This book is a tribute to the dive bomber crews who helped turn the tide of war in the Pacific. It is a remarkable story of both endurance and courage, and the author weaves together their story in a readable, articulate style full of the small details that make such a tale fascinating to read. Guadalcanal is generally seen as the Marine Corps’ fight and with good reason. However, this book brings to light the small but significant contributions of a hitherto unknown group of Navy men who did their part in one of World War II’s turning point battles.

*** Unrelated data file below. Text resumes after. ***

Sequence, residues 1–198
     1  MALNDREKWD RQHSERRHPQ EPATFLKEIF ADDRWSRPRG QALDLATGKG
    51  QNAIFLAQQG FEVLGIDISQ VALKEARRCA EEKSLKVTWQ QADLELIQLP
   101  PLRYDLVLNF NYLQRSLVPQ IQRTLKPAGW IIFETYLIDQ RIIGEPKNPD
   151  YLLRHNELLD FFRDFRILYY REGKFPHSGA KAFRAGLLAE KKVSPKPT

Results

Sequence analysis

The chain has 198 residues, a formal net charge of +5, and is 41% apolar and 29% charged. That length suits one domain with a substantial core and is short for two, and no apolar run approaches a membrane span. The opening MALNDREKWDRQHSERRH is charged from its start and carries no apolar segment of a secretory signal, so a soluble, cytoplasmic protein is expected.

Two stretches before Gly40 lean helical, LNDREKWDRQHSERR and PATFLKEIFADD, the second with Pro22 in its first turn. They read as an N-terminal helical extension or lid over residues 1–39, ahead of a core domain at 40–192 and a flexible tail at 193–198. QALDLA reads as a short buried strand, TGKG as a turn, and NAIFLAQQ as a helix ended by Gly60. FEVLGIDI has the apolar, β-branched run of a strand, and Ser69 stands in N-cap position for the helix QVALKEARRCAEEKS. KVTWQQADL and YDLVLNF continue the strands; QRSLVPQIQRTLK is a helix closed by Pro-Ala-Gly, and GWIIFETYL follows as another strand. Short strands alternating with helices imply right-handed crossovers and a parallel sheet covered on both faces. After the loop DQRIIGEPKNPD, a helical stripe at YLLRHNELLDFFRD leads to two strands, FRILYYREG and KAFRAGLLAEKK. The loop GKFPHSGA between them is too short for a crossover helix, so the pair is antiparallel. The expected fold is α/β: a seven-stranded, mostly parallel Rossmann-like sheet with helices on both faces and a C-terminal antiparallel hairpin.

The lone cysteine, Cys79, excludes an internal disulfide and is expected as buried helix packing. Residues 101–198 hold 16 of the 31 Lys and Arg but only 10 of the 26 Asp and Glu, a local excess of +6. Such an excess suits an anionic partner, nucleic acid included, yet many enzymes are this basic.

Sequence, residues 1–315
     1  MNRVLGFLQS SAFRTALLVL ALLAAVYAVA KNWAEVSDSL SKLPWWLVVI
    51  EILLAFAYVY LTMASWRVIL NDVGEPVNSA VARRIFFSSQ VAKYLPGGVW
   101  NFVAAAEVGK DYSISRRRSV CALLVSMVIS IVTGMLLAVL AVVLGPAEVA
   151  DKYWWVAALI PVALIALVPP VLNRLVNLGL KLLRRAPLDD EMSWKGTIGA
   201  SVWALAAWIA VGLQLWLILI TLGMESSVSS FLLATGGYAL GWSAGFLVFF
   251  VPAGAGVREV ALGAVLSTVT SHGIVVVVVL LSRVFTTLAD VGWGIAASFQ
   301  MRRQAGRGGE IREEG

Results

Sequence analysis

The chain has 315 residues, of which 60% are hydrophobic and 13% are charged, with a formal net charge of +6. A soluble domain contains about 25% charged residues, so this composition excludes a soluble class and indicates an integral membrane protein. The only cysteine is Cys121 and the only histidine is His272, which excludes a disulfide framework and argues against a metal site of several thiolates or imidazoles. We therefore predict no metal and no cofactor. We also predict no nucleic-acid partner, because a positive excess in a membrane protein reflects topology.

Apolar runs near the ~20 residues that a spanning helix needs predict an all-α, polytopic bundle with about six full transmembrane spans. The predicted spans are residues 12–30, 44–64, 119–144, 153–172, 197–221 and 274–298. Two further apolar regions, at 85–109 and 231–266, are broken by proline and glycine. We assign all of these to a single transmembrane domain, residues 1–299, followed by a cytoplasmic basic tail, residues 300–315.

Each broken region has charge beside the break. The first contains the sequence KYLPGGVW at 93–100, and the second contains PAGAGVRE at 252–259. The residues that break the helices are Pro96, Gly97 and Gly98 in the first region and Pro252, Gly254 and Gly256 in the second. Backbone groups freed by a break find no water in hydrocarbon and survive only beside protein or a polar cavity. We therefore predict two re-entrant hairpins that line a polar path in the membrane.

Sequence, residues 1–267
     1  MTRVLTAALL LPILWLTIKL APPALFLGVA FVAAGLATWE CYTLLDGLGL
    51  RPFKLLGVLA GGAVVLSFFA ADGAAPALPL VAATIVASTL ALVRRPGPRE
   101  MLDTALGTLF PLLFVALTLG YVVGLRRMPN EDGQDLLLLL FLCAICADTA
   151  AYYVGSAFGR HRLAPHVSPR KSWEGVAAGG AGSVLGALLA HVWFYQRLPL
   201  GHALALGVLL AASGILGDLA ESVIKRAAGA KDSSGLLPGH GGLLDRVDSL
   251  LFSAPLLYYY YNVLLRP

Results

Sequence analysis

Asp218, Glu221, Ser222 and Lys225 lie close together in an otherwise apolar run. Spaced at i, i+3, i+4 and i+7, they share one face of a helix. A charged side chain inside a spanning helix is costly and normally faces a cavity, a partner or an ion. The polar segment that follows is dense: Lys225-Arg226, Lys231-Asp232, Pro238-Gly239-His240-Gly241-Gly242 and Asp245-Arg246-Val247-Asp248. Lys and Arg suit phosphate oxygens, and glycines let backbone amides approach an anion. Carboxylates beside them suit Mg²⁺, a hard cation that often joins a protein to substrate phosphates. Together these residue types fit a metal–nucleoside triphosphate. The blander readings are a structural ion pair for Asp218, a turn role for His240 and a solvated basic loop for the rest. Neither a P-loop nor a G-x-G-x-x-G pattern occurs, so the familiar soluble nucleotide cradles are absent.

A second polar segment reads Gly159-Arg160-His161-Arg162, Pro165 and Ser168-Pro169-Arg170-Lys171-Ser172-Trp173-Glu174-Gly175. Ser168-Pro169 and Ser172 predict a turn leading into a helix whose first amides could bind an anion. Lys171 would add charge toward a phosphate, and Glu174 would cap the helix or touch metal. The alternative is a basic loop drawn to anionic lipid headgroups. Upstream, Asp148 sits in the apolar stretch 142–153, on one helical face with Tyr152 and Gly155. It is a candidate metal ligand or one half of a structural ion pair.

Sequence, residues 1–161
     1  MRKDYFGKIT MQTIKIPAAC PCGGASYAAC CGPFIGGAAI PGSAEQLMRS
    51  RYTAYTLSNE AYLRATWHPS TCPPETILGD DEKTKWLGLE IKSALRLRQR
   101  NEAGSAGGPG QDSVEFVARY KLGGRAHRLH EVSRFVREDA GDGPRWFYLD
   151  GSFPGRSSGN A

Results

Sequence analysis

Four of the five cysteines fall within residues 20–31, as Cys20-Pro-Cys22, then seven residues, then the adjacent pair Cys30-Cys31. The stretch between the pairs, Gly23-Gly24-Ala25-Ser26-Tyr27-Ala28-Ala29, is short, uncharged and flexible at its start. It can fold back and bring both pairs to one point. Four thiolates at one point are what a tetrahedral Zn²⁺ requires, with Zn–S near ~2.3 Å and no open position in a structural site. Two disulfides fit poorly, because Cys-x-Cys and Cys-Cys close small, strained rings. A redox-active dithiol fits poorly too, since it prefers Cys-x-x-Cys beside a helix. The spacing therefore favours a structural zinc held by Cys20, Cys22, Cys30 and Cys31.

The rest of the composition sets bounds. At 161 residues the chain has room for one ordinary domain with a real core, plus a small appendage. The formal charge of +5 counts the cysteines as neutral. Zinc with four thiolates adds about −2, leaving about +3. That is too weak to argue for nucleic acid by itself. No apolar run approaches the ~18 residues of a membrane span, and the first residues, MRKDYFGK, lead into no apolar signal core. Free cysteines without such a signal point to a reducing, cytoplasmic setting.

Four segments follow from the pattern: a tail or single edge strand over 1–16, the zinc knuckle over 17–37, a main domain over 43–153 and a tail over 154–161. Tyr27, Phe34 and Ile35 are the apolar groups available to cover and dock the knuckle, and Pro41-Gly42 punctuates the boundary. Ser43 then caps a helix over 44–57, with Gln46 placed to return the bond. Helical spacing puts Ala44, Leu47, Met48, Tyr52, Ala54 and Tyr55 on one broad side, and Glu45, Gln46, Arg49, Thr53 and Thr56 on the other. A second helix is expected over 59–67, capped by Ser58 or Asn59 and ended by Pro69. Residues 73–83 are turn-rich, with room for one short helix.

M4 Sherman Tanks: The Illustrated History of America’s Most Iconic Fighting Vehicles (Michael E. Haskew, Voyageur Press, Minneapolis, MN, 2016, 223 pp., photographs, index, $40, hardcover)

The Sherman tank is both an iconic symbol and an item of controversy in the history of World War II. It was the ubiquitous American tank of the war, serving on all fronts with every American force to take the field. It also partially equipped every major Allied nation’s armored forces. For a nation fighting on multiple fronts, all of which were thousands of miles away from the factories, the M4 was almost ideal. It was reliable, easy to maintain, and maneuverable. Shermans were light enough to be shipped long distances and durable enough to last from the beaches of Normandy to the Rhine River without needing a major overhaul, something no Tiger tank could do. They were mass produced and steadily improved throughout the war.